Tell us what features and improvements you would like to see on Pets4Homes. Help us by answering a short survey.To the Survey
Key Breed Facts
Intelligence / Trainability
Children and Other Pets
Caring for a Shar Pei
Average Cost to keep/care for a Shar Pei
Breed Specific Buying Advice
The Shar Pei is one of the most recognised breeds in the world thanks to the wrinkles around their faces and their blue/black tongues. However, a Shar Pei's coat too is another distinguishing feature of the breed because it is quite bristly to the touch although it looks like it should be soft. The Chinese Shar Pei boasts being one of the most ancient breeds on the planet and were originally bred to hunt, guard and herd in their native China although they were often used as fighting dogs too.
The dogs we see today are less wrinkled and taller in the leg than the original dogs that first came out of China and back in the seventies, they were considered one of the rarest breeds in the world. Thanks to careful and selective breeding, the Shar Pei has become a popular choice with many people not only here in the UK but in other regions of the world and breeders have successfully bred out many of the health issues that once plagued the breed so much.
These extraordinary dogs have been around for centuries having first been developed by crossing Nordic dogs with Mastiff-type breeds. They boast a blue tongue which is one of the distinguishing physical traits of the Chow Chow and as such, it is thought they too might well have been used to create the Shar Pei. The breed originated in China where they were originally bred to work as herding, guarding and hunting dogs, although at the time they were a popular choice as fighting dogs too.
Statuettes of dogs have been found in China that date back from 206 BC to 220 AD which was the time of the Han Dynasty and even today visitors to certain regions of the country will still see Shar Pei working alongside their owners whether hunting, herding or guarding. Back in ancient times, a Shar Pei's loose skin and short, coarse coat offered them protection from their opponents when used as fighting dogs. They also have hooked canines which meant a Shar Pei could hold onto a dog they were fighting that much better. Their close, small ears were harder for their opponents to grab hold of too.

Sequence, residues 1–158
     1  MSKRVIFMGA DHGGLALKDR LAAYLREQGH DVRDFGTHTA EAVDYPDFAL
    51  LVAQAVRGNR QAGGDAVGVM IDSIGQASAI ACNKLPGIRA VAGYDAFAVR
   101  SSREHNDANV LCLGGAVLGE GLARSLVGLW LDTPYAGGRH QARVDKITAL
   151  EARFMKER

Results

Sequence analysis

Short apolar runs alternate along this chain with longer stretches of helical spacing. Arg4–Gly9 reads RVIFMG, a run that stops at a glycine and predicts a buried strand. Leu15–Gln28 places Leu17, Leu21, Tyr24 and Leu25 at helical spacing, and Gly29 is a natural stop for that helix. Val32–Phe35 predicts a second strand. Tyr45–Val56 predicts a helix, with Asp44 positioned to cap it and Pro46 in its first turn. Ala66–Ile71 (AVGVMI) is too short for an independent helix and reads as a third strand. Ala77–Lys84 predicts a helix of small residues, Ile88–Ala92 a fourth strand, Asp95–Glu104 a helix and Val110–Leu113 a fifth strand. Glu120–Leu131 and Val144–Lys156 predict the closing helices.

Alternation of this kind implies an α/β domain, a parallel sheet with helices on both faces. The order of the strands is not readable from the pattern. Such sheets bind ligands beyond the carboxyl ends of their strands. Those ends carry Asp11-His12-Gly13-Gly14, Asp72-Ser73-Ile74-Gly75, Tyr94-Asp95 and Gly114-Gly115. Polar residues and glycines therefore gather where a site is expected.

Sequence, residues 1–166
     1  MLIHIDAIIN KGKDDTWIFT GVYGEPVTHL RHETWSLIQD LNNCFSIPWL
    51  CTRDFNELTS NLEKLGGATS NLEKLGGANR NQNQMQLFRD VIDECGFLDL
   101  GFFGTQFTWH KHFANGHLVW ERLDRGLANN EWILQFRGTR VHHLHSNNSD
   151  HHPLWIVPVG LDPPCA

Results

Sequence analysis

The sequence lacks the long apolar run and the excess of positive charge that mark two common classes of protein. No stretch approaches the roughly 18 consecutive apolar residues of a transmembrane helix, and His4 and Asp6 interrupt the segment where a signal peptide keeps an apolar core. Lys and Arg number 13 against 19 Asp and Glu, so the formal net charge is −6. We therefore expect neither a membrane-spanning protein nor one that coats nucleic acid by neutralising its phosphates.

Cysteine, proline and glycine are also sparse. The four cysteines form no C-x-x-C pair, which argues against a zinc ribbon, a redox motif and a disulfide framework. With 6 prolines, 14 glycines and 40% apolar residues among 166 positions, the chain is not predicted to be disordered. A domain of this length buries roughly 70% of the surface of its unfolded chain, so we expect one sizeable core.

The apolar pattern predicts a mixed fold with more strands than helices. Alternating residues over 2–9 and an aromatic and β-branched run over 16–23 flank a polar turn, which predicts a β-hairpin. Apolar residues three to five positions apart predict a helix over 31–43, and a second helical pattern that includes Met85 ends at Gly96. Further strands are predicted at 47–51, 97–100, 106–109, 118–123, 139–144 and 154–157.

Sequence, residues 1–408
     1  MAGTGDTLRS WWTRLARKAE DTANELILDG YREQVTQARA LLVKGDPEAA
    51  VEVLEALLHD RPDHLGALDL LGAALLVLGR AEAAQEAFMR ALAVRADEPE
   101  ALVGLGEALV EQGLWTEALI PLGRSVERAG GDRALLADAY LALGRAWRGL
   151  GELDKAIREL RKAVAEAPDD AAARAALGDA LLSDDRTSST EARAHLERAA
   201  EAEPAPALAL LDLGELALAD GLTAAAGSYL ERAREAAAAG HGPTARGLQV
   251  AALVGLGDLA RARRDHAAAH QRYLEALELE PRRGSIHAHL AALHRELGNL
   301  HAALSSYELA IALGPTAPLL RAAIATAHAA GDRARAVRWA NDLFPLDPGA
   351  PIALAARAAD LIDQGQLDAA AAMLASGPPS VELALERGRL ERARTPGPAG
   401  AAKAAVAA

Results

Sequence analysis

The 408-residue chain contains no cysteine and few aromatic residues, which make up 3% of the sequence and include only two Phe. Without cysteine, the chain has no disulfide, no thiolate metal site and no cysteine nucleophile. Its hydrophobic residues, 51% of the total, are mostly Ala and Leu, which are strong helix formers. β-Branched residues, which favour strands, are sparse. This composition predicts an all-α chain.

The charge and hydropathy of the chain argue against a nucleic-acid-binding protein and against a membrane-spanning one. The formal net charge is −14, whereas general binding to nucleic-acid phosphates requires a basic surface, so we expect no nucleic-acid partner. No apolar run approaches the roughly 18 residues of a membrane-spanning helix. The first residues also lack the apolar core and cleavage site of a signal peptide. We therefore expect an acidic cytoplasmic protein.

At one time, they were considered a delicacy in their native China which saw a law being passed forbidding anyone from owning a Shar Pei as a pet. It very nearly led to the breed vanishing off the face of the planet forever. However, a breeder promoted the Shar Pei outside of China which luckily saved the breed from extinction although at that time, these dogs were classed as one of the rarest breeds in the world.
The first dogs to be taken out of China were shorter in the leg and had a lot more folds and wrinkles with many adults suffering from a condition known as entropion, a painful eye condition that needs veterinary attention. Over time with careful and selective breeding, these issues have been successfully bred out of the Shar Pei with breeders producing dogs with longer legs, not so many folds in their skin and much healthier eyelids.
It was during the last century when China's borders opened that fiercer breeds were introduced to the country which included the Bulldog and Mastiffs which were then mated to local dogs that the Shar Pei became less popular as a fighting breed in their native China. This saw the breed become more of a "home" dog that was kept for reasons other than fighting. This saw a rapid drop in breed numbers a dilemma that was not helped by the introduction of extremely high taxes for anyone who owned dogs on China's mainland.
During the late forties, these taxes were increased and breeding was subsequently banned. As such by the fifties, there were very few Shar Peis left in China with only a few being found on islands like Hong Kong and Macao. It was during the early seventies that a Hong Kong breeder called Matgo Law sent out a plea via magazines in the States asking for help to rescue the breed which led to the resurrection of the Shar Pei. In 1978 the breed suddenly caught the attention of the world and was registered in the Guinness Book of Records as being one of the rarest breeds on the planet.